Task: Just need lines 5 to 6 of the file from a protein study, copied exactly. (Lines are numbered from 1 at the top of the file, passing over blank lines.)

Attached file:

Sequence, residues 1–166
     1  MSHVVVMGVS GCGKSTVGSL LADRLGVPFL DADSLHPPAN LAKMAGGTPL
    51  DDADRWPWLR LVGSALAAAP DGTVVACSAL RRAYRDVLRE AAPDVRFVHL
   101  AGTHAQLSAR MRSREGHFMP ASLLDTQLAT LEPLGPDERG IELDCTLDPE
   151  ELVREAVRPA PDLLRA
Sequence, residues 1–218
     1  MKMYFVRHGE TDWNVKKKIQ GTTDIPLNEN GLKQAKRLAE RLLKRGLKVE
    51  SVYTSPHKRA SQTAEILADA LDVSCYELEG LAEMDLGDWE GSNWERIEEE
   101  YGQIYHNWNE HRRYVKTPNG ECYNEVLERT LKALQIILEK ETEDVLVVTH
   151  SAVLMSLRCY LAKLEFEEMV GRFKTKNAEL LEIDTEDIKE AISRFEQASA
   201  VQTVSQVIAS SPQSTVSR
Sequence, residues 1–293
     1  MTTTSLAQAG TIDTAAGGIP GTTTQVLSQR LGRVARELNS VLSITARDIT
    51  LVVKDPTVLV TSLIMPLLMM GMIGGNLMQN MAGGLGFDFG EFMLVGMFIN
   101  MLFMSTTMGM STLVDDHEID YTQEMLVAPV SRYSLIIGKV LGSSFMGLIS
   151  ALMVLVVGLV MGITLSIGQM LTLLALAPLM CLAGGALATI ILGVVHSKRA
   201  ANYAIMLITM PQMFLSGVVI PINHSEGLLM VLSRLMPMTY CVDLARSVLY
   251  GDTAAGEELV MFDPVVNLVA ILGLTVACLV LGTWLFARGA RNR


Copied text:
   151  ELVREAVRPA PDLLRA
Sequence, residues 1–218